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MAS proposes new powers to regulate financial services amid emerging cyber risks

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The Monetary Authority of Singapore (MAS) is proposing new laws that will give it more teeth to regulate financial services in the Republic amid emerging risks, such as those brought on by the wider provision of digital services.

THE Monetary Authority of Singapore (MAS) is proposing new laws that will give it more teeth to regulate financial services in the Republic amid emerging risks, such as those brought on by the wider provision of digital services.

The additional powers proposed will allow the central bank to impose on financial institutions certain requirements to manage technology risks, license and regulate providers of digital token services overseas, and issue prohibition orders against individuals it deems unsuitable from operating in the industry.

It is also seeking to enhance the effectiveness of dispute resolution by providing statutory protection to mediators, adjudicators and others involved in facilitating resolution via approved channels.

The MAS made public these proposals in a consultation paper detailing a new omnibus Act for the financial sector on Tuesday and is inviting comments from industry practitioners as well as other interested parties. 

If passed, these new proposals will be consolidated into a single legislation that will also include existing provisions in the MAS Act, which relate to the authority's regulatory oversight of various financial institutions.

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Laying out details of its proposals in the 98-page consultation paper, the MAS noted that financial institutions today are highly reliant on technology to deliver services. 

"As Singapore aims to be a smart financial centre where the use of information technology is pervasive, ensuring safety and soundness of the systems that support the delivery of financial services is key to maintaining confidence in our financial sector," it said.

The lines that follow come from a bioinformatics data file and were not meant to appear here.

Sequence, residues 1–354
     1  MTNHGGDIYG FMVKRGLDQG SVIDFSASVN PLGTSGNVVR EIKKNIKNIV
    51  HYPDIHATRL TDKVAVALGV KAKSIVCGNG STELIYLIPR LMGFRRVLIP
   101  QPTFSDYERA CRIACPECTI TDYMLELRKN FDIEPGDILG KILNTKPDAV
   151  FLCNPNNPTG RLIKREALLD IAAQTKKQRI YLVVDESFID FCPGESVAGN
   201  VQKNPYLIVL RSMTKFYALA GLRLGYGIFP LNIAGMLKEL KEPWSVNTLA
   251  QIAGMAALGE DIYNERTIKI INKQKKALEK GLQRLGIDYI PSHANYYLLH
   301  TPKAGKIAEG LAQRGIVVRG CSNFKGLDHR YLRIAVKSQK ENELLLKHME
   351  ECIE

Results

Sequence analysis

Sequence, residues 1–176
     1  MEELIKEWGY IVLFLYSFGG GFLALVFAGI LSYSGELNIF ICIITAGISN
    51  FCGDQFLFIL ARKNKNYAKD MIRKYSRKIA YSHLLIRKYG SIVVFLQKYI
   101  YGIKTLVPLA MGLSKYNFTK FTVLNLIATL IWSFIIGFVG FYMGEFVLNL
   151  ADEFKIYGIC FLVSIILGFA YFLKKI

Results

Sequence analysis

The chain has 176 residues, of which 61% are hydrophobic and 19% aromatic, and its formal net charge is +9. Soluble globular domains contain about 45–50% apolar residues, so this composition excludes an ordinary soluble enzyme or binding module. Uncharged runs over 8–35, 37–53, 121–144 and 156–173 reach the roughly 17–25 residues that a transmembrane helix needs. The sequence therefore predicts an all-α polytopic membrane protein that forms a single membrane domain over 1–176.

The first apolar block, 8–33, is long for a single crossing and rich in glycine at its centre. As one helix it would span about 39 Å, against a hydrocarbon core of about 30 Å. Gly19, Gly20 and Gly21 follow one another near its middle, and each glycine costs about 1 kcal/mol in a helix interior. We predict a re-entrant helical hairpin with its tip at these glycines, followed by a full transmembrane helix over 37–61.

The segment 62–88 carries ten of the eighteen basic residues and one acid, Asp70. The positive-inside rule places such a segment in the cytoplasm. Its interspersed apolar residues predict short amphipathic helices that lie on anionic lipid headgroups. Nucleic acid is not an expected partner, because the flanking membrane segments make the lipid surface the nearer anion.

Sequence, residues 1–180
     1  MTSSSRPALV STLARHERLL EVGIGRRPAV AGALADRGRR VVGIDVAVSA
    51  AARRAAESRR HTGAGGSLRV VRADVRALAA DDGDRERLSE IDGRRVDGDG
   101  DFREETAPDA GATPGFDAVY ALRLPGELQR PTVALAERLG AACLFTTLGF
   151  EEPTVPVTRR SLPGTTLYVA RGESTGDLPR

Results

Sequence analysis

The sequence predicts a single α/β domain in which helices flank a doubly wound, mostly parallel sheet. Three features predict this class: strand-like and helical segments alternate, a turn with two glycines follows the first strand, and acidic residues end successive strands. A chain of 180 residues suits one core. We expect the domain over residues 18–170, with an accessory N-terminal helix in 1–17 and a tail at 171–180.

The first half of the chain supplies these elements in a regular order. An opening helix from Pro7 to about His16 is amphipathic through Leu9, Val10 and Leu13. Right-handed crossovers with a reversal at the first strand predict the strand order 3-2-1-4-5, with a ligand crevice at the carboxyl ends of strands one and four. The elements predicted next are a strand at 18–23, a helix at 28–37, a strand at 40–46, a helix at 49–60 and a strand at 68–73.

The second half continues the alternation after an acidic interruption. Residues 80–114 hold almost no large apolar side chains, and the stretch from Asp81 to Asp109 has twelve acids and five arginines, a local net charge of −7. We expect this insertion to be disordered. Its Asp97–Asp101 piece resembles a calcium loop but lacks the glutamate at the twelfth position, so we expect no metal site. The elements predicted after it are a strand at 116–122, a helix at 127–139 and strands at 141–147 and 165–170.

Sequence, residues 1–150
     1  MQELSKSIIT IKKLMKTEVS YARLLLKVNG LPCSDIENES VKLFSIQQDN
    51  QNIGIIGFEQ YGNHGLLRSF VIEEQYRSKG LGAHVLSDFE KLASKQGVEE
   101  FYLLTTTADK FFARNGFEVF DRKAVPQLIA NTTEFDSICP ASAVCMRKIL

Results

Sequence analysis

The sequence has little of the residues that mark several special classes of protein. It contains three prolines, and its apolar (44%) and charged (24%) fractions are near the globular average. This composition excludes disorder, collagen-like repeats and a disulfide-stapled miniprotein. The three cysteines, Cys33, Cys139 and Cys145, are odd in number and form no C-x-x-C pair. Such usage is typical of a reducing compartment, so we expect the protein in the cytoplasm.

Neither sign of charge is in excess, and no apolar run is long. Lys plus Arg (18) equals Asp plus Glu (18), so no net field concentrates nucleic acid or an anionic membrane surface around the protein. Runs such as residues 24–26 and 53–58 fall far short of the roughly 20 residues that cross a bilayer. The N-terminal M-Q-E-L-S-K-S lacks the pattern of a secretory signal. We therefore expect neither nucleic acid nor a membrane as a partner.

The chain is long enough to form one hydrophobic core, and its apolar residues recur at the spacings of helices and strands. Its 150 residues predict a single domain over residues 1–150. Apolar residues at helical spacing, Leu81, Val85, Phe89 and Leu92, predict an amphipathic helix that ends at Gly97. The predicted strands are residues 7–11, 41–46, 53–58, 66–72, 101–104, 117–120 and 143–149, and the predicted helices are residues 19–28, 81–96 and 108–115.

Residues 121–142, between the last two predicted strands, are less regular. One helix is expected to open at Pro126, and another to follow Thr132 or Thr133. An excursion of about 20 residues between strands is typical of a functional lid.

The MAS thus intends to give itself power to issue directions, or make regulations, concerning any financial institution or class of financial institutions for the management of technology risks. This includes cybersecurity risks, as well as ensuring safe and sound use of technology to deliver financial services and to protect data.

It also intends to raise the maximum penalty for breaches of such regulations to S$1 million, noting that a sufficiently high penalty is needed to signal the importance of technology risk management.

Although most entities that provide virtual asset services in Singapore are subject to current legislation, the Internet-based nature of such operations means that there may be entities created in the Republic but offer their services outside the city-state and that are not captured under these laws.

The MAS thus intends to regulate such entities – "digital token service providers" – in order to guard against the risks of money laundering and terrorism financing.

The authority also wants to expand its powers to issue prohibition orders against any person it deems "not fit and proper" to engage in regulated activities, as well as roles and functions across the industry. 

Currently, the MAS's powers on this front reside only in the Securities and Futures Act, the Financial Advisers Act and the Insurance Act – this means it cannot take action on individuals regulated under other Acts even if they have committed serious misconduct.

"In order to protect financial institutions and the wider financial industry, MAS needs to be able to keep out persons who have demonstrated by their misconduct that they have the potential to cause harm," said the MAS.

It noted, however, that this power will be undertaken in a "risk-proportionate" manner that takes into account the nature and severity of the misconduct, and its impact on the financial industry. 

Aggrieved individuals will also be able to launch appeals against such orders.

Interested parties have until Aug 20 to email their comments on the proposed Act to the MAS or submit them by post.

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